iOS app Android app More

Hani Almadhoun

Hani Almadhoun

Posted: August 23, 2010 05:46 PM

Ramadan, the Muslim month of generosity, spirituality, and great food, is in full swing. Last year, I was fortunate to be with my family for this holy month. My initial travel arrangements were wrecked and I was never meant to be in Gaza for Ramadan, but because of the border closure, I had no alternative but to stick around in Gaza for few more months.

During the days preceding Ramadan, vendors start doubling their orders of food and supplies like kitchen ware as the month increases demand for food and kitchen ware. As you know, Gaza was still under a strict Israeli siege and not all the needed goods were allowed in. Israel does, however, allow approved charities and NGOs to bring in more food trucks. So in Gaza where the poverty rate is 80% you can imagine how high demand is for the services of these NGOs.

For example, residents of Gaza cannot buy some goods from the market but there is an NGO that is able to bring in more food. Many needy Gaza families receive aid from those organizations, and some get the help because there is no other mean of purchasing what they actually need. Take for example, baby formula. Many Gaza pharmacies faces shortages on specific kinds of baby formulas, and few NGOs working in Gaza are able to import this baby formula and give it as aid to those in need. That's what economics calls dead weightloss problem; the Israeli siege causes a market failure.

This year there are two major challenges in Gaza that make observing Ramadan a lot harder. The first one is soaring prices of fresh produce and the second is frequent and prolonged power outages. Both predicaments are real and both are troubling.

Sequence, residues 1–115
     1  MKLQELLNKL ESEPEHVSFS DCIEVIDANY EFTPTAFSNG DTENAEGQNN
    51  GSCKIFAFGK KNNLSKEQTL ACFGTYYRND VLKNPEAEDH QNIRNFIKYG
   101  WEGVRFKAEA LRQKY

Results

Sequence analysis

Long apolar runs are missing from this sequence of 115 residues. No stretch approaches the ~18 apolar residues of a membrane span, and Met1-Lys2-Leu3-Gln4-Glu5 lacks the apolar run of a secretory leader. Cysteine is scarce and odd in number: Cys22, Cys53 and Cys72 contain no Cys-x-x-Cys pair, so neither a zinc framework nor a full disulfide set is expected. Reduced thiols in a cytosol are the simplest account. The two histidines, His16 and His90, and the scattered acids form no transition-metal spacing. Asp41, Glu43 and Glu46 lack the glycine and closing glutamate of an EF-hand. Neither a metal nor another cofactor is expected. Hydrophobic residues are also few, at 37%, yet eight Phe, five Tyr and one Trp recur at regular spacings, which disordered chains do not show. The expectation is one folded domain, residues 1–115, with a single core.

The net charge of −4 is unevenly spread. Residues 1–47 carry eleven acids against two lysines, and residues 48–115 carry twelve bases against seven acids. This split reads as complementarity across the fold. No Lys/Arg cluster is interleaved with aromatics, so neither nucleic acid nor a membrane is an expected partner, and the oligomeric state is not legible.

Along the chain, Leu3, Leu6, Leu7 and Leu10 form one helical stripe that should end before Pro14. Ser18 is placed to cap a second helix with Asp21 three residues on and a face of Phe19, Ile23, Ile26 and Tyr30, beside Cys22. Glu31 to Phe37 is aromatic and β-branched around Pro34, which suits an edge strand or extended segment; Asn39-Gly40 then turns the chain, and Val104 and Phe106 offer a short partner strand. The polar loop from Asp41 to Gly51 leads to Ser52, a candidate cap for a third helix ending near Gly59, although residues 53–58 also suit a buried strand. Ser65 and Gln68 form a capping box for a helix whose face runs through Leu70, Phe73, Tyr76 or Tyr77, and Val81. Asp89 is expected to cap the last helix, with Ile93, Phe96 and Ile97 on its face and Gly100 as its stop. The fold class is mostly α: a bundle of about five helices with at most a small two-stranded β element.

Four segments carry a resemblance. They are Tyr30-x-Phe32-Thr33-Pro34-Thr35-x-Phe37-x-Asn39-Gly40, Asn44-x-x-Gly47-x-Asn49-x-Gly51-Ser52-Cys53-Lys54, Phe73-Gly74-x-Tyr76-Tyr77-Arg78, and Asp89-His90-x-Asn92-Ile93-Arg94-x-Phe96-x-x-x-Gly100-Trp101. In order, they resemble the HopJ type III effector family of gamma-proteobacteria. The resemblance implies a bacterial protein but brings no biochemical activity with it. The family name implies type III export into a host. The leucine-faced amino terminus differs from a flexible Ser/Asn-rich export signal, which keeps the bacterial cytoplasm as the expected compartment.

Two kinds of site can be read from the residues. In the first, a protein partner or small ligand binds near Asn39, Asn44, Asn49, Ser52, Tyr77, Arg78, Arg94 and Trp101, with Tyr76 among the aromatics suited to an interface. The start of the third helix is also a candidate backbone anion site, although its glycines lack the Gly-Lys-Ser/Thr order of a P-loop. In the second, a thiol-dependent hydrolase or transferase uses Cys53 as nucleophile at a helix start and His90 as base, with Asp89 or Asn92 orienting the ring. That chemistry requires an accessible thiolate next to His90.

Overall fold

The prices of fresh produce have tripled. Gaza has limited land space so there are very few farms to grow what the local market in Gaza needs. Everything else the people of Gaza have to buy from Israel. For logistical reasons, no NGO can actually provide fresh produce to Gaza. They can give canned fruits and vegetables, but storing lettuce in hot and unplugged Gaza is impossible.

Last Ramadan, the prices of onions were so expensive that recipes had to be altered to do without them. A kilo of onions costs three dollars, which is what I pay here in Washington DC. This year prices have increased even more. For example, a kilo of potatoes is close to 2 dollars, a kilo of tomatoes is more than a dollar and a half. This year prices for other fresh vegetables necessary for making soup--an essential component of a Ramadan meal--have all increased. Those prices make many of basic food items out of reach for many Gaza families. As a result, Gaza is now completely dependent on the Israeli market to provide fruits and vegetables, thus giving Israel the upper hand the Israeli military can tell the Gaza government, "If you play nice, I will let you eat your salad."

To understand how Israel is to blame for the soaring prices of fresh produce, look no further than a recent UN report. In August 2010 the UN Office for the Coordination of Humanitarian Affairs (OCHA) released a report on farming and fishing in Gaza. According to the OCHA report, the Israeli restrictions on the rich farming land adjacent to the Eastern Gaza borders causes a 50 million dollar loss for the agriculture sector in Gaza. Many Gaza farmers who own land near the border are unable to farm this land due to constant Israeli military harassment. Prior to onset of these restrictions, I was able to visit these rich farm lands where, due to low population density, Gazan farmers cultivate all sorts of produces, such as olives. Unfortunately, I am not courageous enough to visit these areas nowadays, as Israeli robots armed with machine guns are ready to shoot to kill.